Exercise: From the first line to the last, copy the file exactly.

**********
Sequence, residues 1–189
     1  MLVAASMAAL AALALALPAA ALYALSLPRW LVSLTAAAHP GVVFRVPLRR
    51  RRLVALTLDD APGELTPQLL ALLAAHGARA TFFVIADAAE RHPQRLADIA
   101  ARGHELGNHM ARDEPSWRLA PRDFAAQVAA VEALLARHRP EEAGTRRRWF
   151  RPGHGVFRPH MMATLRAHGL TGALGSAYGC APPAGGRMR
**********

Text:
Sequence, residues 1–189
     1  MLVAASMAAL AALALALPAA ALYALSLPRW LVSLTAAAHP GVVFRVPLRR
    51  RRLVALTLDD APGELTPQLL ALLAAHGARA TFFVIADAAE RHPQRLADIA
   101  ARGHELGNHM ARDEPSWRLA PRDFAAQVAA VEALLARHRP EEAGTRRRWF
   151  RPGHGVFRPH MMATLRAHGL TGALGSAYGC APPAGGRMR